Volunteer mentors find ways to be most effective

June 13, 20192 minute read

Read more about the opportunity to mentor a military spouse.
AWESOME Leaders have focused recently on opportunities to “reach back” and help other women by providing support and counsel as a mentor. AWESOME’s Executive Director Heather Sheehan said, “We encourage AWESOME leaders to become mentors – either for an active military duty spouse through the wonderful program with American Corporate Partners or for any woman in an earlier stage of her career. This is an important part of ‘reaching back’ to help other women.”

“Mentors at the AWESOME level of leadership will have much of their own experience to draw from,” she continued. “But it can also benefit their own development to learn more, hone their skills, and continue to mentor.”

“Reaching back” is one of the five dimensions of Reaching Beyond and Achieving More – the 2019 AWESOME Symposium theme. AWESOME is collecting and providing helpful insights about mentoring for people who have their own depth of experience but who have not previously mentored or who want to refresh their mentoring skills.

As a reminder of what mentoring can mean to a young career woman, NAWBO (the National Association of Women Business Owners), another organization partnering with ACP, shares the story of a mentor/mentee relationship that provided significant help to re-design a career that had been sidetracked by a relocation. By working with mentor Margaret Brown, a digital marketing expert, Karen Hadley, whose husband is in the Army, was able to launch a business that allows her to work remotely.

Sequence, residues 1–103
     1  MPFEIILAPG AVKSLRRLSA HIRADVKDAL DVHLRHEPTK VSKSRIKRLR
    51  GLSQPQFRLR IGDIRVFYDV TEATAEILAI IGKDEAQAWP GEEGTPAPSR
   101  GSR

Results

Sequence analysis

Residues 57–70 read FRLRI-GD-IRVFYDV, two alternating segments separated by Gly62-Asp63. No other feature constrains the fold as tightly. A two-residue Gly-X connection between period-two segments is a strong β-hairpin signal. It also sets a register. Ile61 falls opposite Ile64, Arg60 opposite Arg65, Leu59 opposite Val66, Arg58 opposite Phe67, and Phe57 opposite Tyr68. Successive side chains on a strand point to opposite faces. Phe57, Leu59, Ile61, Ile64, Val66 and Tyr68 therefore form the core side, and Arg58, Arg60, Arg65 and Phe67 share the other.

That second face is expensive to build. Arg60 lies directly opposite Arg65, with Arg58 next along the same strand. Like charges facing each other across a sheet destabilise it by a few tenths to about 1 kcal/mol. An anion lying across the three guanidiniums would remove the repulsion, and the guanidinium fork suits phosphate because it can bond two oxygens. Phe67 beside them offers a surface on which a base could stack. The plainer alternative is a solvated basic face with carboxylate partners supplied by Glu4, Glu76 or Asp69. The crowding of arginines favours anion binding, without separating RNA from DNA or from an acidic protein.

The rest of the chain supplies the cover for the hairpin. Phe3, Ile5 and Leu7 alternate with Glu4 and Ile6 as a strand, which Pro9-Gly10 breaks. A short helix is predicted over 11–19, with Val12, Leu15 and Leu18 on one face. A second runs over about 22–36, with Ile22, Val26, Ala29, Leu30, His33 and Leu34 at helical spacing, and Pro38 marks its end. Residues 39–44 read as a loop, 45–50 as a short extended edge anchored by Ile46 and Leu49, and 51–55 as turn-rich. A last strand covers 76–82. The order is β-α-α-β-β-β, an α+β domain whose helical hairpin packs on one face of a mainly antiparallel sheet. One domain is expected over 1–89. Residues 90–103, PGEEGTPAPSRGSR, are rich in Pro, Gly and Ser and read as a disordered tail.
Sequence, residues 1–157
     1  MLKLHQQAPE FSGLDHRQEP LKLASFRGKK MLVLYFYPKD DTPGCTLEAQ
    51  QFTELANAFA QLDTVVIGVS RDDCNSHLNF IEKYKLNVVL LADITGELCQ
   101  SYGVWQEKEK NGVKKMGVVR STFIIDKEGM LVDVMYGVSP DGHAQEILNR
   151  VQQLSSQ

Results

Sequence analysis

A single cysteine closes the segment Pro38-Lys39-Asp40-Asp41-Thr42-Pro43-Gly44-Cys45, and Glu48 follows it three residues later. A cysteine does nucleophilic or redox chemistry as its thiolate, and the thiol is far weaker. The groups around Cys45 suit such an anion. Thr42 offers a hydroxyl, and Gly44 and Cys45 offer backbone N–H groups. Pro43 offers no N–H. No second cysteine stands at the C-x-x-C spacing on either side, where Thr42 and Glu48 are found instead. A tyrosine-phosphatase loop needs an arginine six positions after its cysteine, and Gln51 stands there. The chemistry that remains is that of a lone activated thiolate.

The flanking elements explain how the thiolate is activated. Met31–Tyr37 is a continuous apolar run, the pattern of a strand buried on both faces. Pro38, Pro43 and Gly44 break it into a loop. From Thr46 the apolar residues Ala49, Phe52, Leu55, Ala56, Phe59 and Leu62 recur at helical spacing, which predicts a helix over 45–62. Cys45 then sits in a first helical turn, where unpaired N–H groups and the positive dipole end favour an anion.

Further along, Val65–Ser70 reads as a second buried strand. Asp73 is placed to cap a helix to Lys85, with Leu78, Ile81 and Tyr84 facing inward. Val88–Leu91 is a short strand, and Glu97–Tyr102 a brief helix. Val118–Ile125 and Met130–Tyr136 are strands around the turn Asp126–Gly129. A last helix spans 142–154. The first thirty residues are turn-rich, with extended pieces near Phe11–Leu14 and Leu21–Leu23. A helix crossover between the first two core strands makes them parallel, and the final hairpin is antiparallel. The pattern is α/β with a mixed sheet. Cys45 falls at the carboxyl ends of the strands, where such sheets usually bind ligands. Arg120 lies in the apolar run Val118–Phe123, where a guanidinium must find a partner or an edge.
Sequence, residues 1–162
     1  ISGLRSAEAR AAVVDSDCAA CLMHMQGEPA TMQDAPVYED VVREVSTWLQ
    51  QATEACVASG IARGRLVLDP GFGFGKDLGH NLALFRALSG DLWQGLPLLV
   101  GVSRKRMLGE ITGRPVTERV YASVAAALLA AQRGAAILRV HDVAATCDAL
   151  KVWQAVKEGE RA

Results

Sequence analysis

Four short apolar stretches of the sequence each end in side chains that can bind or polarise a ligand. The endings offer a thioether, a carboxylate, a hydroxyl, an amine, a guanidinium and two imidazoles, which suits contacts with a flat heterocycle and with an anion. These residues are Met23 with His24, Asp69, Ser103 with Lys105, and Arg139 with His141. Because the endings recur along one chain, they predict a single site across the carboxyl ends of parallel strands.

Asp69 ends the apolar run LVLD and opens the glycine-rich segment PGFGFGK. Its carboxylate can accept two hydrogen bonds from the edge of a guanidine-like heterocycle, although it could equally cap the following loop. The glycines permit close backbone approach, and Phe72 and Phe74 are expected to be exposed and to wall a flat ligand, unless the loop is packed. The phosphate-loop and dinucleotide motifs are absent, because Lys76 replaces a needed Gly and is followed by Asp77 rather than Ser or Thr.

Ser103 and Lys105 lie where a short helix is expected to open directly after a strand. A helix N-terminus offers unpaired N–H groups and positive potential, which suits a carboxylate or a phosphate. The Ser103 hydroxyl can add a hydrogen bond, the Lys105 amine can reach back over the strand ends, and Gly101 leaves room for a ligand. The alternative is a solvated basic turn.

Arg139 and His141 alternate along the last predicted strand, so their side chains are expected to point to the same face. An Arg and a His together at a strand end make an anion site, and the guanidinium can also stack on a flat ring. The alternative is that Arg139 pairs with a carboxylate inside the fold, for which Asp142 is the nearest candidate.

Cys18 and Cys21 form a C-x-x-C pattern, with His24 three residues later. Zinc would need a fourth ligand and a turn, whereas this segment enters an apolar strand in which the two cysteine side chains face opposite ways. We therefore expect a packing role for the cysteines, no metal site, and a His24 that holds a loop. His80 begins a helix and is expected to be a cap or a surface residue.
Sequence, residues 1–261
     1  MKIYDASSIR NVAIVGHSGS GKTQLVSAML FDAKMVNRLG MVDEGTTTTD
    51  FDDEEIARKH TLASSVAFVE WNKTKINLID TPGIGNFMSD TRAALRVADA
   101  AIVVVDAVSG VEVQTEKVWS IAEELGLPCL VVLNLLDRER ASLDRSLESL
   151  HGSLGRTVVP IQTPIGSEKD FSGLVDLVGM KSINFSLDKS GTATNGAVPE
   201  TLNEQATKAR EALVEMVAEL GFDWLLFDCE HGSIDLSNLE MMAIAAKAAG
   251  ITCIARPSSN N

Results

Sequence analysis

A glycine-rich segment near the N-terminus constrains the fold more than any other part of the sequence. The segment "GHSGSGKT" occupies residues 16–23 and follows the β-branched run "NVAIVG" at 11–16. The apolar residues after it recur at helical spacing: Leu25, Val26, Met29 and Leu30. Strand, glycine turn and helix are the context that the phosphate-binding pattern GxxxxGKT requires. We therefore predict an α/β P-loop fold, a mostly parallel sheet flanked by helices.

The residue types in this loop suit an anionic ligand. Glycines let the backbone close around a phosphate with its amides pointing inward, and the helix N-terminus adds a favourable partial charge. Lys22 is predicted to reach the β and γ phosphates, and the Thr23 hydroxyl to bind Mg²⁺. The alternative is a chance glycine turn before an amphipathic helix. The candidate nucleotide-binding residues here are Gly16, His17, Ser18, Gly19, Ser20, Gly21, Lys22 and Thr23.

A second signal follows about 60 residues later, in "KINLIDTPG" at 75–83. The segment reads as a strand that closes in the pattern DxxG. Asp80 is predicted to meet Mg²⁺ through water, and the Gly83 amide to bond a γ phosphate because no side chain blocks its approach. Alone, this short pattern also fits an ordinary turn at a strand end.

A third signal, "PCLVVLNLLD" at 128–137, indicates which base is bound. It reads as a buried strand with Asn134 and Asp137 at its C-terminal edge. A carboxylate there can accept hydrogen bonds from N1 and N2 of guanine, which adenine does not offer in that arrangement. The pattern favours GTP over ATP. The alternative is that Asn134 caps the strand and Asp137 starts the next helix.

Mentor Margaret calls the collaboration a “’win-win” and says, “I got involved in this because it was in my wheelhouse and it was an opportunity to help our Armed Forces…I thought I could really make an impact on a young woman who is just starting her business and who is brilliant, but can’t have a traditional job because of her husband’s career.”

An article on forbes.com covers one area where mentoring often can make the biggest difference: resume writing. The author explains that “Over 90% of large companies use applicant tracking systems that scan your resume and determine if you are a fit for the role or not by looking for keywords.” She offers advice for using keywords successfully.

A few more tips about resumes are offered in the Harvard Extension newsletter, and monster.com weighs in with an article titled “The 10 worst resume mistakes to avoid.”


Five books about Mentoring also have been added to the AWESOME recommended reading list.